As we enter into a new year the growing ICT skills gap in South Africa is never far away from my mind. Cisco, together with our partners, continues to work to identify opportunities to equip young South Africans, with the IT skills that will help them to ultimately contribute to South Africa’s economy, GDP growth and employment.
At the end of last year, I had the untold honour and privilege of hosting a Cisco Global Talent Acceleration Program (GTAP) graduation ceremony in Johannesburg. The event saw yet another group of dynamic, enthusiastic individuals celebrate the success and achievement of having successfully completed the program and being provided with the opportunity for better career prospects they may otherwise not have had.
The GTAP programme is supported by the Department of Trade and Industry and delegates are professionals recruited or nominated by Cisco partners and customers. Despite the selection process being rigorous and the training even more so, a total of 287 delegates have been recruited and 233 CCIE Written Certified since its conception in 2008. A total of 785 Cisco Technical Certifications have also been achieved.
These numbers may seem small but every individual trained will help make a difference. Once selected, our GTAP delegates invest months of rigorous training to improve their ICT skills and achieve excellence, qualifying as network consulting engineers, project managers, customer support engineers, system engineers, and account managers, and emerging into employment.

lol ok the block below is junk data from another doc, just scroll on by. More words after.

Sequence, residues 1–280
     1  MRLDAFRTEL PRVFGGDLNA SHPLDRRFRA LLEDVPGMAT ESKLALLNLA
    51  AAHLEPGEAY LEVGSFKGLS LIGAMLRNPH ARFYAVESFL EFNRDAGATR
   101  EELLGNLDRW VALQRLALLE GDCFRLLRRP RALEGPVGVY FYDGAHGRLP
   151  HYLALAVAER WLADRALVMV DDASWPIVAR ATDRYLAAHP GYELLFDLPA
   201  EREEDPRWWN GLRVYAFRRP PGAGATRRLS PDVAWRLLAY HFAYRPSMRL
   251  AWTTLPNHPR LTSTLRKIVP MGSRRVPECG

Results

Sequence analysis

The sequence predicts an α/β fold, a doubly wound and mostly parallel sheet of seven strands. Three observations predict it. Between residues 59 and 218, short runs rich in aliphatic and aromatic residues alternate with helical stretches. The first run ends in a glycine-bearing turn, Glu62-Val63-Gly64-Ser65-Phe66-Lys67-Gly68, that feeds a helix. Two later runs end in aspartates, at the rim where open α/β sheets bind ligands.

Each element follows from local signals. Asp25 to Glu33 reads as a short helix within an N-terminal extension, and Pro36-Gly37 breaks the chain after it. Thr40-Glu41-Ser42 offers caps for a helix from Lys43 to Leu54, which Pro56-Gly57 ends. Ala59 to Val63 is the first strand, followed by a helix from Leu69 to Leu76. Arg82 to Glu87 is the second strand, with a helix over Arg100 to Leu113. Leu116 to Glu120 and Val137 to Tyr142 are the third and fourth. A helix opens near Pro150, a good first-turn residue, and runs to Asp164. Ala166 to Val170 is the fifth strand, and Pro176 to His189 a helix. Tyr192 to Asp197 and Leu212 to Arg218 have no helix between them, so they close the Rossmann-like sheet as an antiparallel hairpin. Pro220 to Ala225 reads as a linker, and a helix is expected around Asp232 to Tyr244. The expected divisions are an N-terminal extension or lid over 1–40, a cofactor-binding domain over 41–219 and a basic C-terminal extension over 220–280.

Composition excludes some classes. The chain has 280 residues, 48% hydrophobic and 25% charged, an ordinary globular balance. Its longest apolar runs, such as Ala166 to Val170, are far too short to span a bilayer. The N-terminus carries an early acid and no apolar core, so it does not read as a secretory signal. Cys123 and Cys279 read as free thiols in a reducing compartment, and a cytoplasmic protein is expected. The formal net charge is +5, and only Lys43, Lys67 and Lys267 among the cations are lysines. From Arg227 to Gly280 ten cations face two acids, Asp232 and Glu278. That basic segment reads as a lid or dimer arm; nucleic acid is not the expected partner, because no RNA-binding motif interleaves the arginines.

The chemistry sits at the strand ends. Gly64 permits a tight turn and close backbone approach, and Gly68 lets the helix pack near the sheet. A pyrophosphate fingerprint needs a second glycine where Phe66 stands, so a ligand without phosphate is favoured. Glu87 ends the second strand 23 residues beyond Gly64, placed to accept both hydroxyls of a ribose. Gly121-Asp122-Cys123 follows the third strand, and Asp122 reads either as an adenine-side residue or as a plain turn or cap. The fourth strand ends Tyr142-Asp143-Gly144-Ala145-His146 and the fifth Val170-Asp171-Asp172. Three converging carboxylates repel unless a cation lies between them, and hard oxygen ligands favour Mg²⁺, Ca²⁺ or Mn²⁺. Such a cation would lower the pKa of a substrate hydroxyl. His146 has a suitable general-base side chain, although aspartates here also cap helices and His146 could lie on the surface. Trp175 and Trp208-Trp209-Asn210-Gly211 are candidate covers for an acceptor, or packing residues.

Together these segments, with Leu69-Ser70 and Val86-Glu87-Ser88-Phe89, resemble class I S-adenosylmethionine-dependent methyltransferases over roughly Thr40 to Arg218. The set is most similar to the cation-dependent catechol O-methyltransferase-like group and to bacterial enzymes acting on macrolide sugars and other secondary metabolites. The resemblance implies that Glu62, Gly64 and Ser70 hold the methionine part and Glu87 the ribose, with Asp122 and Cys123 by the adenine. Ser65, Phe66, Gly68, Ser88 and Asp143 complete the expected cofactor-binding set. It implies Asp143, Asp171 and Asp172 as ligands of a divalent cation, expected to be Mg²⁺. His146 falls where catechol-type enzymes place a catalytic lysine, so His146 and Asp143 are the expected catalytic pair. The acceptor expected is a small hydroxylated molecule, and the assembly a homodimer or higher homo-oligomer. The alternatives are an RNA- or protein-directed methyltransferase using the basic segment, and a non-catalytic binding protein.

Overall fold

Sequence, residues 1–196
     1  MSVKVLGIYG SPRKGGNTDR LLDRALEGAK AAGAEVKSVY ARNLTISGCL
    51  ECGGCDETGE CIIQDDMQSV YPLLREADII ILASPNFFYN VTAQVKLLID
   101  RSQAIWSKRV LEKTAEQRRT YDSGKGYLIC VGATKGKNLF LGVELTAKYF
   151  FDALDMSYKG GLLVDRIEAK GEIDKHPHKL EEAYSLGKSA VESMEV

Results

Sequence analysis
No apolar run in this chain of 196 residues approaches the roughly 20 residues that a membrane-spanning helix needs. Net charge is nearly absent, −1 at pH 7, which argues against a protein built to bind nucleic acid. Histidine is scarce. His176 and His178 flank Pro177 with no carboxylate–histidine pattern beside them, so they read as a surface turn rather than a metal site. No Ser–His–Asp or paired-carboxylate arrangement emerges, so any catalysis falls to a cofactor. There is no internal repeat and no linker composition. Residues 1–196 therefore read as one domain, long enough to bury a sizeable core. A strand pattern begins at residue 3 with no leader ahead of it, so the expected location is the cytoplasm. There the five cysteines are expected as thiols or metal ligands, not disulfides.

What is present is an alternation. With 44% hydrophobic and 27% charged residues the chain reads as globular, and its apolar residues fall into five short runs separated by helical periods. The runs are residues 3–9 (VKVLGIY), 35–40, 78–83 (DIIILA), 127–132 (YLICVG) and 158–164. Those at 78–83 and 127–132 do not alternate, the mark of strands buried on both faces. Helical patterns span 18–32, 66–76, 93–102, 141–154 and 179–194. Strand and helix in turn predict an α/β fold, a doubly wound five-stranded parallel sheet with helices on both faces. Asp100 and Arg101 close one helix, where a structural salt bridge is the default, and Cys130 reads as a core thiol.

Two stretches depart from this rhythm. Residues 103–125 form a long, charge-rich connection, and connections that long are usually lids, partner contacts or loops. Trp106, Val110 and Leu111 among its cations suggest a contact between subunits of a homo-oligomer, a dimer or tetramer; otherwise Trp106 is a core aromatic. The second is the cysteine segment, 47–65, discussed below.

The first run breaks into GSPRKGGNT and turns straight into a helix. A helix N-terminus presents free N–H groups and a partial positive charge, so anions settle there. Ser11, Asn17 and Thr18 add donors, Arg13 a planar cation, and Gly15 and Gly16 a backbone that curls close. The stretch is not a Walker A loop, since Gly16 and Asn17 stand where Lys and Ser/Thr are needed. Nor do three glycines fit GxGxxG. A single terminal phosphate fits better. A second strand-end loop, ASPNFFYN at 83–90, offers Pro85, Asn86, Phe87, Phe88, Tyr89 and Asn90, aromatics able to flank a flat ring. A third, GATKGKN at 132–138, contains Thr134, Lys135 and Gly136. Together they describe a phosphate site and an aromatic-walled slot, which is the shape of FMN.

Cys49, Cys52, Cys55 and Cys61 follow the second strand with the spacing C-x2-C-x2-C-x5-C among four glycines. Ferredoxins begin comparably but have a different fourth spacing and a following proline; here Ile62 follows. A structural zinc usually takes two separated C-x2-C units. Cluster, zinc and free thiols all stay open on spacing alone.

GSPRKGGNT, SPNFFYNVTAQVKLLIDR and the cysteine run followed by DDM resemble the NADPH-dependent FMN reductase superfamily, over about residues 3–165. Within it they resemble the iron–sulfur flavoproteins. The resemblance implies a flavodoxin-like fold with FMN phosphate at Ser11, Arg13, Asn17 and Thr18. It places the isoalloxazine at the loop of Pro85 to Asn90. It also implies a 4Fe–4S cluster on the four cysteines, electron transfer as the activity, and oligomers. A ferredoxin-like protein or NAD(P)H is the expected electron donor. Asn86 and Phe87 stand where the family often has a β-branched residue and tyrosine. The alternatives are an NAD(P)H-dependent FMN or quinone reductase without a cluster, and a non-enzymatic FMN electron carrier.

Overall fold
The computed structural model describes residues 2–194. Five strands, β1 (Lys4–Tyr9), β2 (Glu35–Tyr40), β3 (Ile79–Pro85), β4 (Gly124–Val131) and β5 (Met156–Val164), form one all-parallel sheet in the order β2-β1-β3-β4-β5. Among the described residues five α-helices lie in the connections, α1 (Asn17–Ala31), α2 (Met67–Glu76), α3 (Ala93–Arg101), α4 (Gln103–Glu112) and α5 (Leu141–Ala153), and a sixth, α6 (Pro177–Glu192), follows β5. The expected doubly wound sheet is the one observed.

The fact that these young South Africans are now empowered to begin the journey to realise their full potential in the workplace, coupled with the fact that the South African ICT sector will also benefit from a new group of highly skilled and enthusiastic professionals, is a testament to the importance of enterprise support for skills development.
We are enormously proud that Cisco, in collaboration with our partner and customer network, is able to do its part to change lives through the GTAP programme. GTAP graduates have gone on to build promising careers, something they believe would not have been possible without their participation in the programme. The course was tough, they tell us, but the smallest bit of hope for the future gives people the ability to overcome the toughest challenges.
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